I have left Oregon. The Pacific Northwest is no longer my home and the snow covered mountains I grew so accustomed to seeing every day no longer punctuate my horizon. In December of last year I made the decision to move back east. I quit my job of ten years and said goodbye to dozens of friends I made in the decade that I lived there. It wasn't easy this time. Over the course of my life I have relocated many times and experienced many fare thee wells, all of which were relatively easy for me, but this last time around wasn't the same. Something changed. I think the man I was learning to become allowed himself to grow closer to the friends he made. The goodbyes were difficult and four months later I find myself missing them and thinking about all the fun times I had with everyone. Fuck all, I miss Oregon and my people.
So, what am I doing now?
I obtained my CDL (commercial drivers license) via a tour bus company 15 years ago when I lived in Pennsylvania. I used a shitty school bus to pass the driving test and then immediately started driving people all around the US and Canada on vacations in a 55' luxury coach tour bus. That was a fun time, not too stressful. After that I moved to Oregon where I became a garbage truck driver. Honestly, I've never had an easier job. Automatic straight truck on a set local route, nothing complex about it. For a tiny moment I learned how to drive a 10 speed semi hauling garbage to landfills and that was my first taste of driving a big rig, but little did I know what I'd be getting into later. Fast forward to now times.
I purchased my dad's 2009 ProStar International truck without ever having sat in it. I've never been a trucker. I had no idea what truckers do. When I got to PA my dad gave me a two week crash course on how to be a "real" truck driver. Suddenly I found myself immersed in a world that I did not understand. Real truck driving is nothing like I had ever experienced prior. Real truck driving is hard, harder than anything I've ever done. I'm now in my fourth month of driving and every day is still a challenge. My biggest hurdle by far was/is learning how to shift a 13 speed. I've been driving manual vehicles since I was 16 but that did nothing to prepare me for shifting a big rig. It's way different. I hate it.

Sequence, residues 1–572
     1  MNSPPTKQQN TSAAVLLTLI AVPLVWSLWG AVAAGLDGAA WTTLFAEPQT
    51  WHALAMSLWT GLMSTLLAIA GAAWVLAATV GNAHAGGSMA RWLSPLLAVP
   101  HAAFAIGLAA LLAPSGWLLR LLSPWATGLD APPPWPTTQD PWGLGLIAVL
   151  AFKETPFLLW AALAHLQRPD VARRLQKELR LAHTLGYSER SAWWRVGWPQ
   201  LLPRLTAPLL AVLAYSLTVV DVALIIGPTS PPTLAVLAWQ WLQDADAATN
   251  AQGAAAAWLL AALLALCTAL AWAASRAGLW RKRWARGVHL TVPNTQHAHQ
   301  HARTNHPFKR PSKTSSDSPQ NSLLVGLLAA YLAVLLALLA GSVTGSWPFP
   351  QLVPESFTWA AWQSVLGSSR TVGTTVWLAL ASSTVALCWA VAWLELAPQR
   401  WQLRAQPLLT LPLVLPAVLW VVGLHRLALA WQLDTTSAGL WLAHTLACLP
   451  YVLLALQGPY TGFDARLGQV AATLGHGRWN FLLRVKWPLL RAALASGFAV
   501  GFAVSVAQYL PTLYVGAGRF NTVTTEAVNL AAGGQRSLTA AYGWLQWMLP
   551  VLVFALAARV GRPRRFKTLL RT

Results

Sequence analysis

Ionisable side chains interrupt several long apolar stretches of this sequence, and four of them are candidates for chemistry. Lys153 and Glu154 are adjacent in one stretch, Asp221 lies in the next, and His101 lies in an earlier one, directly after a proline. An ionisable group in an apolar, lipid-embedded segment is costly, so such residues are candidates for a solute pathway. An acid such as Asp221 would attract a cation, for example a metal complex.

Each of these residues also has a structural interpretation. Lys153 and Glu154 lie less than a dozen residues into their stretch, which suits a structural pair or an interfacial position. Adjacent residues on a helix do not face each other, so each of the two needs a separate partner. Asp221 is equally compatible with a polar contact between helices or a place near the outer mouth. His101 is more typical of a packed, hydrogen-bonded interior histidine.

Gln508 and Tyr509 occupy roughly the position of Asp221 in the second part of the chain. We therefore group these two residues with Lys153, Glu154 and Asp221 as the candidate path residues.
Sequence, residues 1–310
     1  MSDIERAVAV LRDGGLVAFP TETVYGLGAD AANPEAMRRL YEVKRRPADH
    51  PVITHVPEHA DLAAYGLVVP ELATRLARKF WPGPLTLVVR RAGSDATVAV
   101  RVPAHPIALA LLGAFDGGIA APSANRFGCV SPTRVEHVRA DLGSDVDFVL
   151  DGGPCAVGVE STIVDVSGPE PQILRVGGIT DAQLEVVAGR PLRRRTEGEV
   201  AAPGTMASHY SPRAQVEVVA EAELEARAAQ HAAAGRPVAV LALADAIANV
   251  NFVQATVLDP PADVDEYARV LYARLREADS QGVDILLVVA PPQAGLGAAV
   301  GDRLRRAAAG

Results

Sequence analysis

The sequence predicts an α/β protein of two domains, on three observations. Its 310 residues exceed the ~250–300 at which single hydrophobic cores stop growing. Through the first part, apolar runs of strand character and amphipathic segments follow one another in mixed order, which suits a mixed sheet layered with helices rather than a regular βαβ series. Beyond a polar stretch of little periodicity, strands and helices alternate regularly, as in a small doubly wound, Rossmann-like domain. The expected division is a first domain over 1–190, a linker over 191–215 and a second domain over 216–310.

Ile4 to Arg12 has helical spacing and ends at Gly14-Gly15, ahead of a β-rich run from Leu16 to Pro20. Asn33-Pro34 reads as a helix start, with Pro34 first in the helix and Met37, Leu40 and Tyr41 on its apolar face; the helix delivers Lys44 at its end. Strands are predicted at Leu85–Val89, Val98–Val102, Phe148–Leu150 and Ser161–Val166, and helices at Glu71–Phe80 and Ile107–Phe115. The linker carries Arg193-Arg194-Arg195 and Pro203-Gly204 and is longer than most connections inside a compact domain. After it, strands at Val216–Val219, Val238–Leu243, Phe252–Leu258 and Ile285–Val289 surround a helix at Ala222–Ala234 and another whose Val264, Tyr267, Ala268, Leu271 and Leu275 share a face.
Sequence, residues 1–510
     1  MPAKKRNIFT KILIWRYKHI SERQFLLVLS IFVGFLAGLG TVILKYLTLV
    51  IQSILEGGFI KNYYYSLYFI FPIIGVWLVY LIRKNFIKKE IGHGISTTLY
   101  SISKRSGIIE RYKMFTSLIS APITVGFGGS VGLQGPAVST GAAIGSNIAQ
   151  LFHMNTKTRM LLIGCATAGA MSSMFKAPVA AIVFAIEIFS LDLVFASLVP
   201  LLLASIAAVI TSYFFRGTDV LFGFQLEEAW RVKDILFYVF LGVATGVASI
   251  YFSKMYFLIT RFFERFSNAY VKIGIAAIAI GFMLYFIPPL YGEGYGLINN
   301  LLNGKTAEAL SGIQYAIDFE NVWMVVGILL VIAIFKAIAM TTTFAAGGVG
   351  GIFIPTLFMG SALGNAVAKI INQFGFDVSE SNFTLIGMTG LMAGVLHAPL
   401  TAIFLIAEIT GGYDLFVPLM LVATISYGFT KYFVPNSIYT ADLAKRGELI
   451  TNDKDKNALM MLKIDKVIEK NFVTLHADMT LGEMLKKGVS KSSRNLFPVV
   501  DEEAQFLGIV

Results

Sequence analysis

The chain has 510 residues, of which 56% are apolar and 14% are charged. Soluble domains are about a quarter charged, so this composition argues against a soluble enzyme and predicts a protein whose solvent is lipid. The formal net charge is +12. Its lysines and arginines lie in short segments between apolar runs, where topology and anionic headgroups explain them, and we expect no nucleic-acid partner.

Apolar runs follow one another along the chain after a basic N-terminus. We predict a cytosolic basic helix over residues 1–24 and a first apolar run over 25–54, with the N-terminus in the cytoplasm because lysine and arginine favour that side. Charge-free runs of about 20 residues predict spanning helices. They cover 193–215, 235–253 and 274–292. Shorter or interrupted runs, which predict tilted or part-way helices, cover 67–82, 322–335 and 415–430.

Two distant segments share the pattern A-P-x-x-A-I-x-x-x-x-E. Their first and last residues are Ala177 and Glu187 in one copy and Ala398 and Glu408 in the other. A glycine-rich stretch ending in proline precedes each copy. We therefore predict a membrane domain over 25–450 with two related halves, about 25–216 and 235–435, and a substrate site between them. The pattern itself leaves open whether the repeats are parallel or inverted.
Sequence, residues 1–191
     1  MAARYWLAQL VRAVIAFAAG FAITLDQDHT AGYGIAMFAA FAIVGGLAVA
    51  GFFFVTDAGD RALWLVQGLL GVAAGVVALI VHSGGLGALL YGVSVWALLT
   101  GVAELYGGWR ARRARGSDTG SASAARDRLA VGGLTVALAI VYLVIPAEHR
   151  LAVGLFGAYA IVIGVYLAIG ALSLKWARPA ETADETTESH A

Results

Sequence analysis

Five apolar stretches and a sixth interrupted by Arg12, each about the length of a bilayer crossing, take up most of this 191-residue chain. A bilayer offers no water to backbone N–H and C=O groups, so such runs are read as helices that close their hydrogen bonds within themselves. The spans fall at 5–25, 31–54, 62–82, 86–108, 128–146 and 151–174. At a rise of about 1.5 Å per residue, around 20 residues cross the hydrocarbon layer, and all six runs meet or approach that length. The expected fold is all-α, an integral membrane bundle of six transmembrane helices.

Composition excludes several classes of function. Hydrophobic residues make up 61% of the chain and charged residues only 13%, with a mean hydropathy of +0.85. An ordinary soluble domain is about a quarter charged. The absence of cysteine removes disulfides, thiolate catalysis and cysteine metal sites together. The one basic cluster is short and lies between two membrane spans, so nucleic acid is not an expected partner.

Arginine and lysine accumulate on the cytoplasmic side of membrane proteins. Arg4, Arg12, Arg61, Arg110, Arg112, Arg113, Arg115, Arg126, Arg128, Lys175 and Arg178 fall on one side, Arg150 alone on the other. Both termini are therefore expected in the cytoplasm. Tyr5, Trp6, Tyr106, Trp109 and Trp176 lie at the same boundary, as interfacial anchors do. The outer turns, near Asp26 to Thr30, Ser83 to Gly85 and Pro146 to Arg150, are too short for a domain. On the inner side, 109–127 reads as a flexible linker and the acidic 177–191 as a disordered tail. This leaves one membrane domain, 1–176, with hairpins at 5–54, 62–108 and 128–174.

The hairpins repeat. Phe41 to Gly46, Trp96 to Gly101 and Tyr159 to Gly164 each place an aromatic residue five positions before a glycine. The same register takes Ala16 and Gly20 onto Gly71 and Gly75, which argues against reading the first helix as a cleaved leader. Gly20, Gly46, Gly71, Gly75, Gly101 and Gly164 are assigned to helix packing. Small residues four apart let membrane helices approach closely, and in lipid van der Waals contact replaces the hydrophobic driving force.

My life is radically different now. I no longer get off work around 3 every day and then go play or explore or hang out with friends or drink or write poetry and stories. I don't get to do that stuff much anymore because trucking isn't just a job, it's an entire lifestyle. It occupies most of my time, day and night. And when I do finally get some downtime I have to use it to grab a shower and eat and sleep. I squeeze those things in when I can and if I have any time leftover, then I can pull out my laptop and write something or watch a movie or read a book. But honestly, I can feel the creative writer in me dying. I'm no longer living a free and exciting life filled with people and experiences and stories, so my inspiration is running out and so is my muse. I guess the good thing is that I'm drinking way less now. I used to drink every single night and now it's few and far between.
I don't have plans on turning this site into a trucker blog, but I'm sure from time to time (when I actually get time) I will be writing about trucking stuff since that's what's happening in my life now. I'm hoping to eventually settle into this and find a way to keep writing creatively. That last story that I started was exciting to me and I would love to jump back into it again. The characters are waiting for me. They have shit they want to do! It's weird to think that their lives depend completely on me. I can bring them to life on paper and make them do things or I can abandon them where they currently are and leave them dangling forever in limbo. Writers are gods, did you know that?
One last thing then I'll post this. One of my main reasons for moving home was to be close to family again. I have nephews and nieces whom barely know me and I want to be cool uncle Mick. I'm enjoying getting to know them and being a part of their lives. It's something I've kind of avoided my whole life. I've never lived close enough to be a solid part of my family and now I am and it feels good. I know what you're thinking and yes it kind of defeats my purpose of being present in their lives while being an over the road trucker, but I do get home to see them way more now than I did living 3,000 miles away. So stuff it!
Okay, that's all for now. Hopefully I'll be back soon.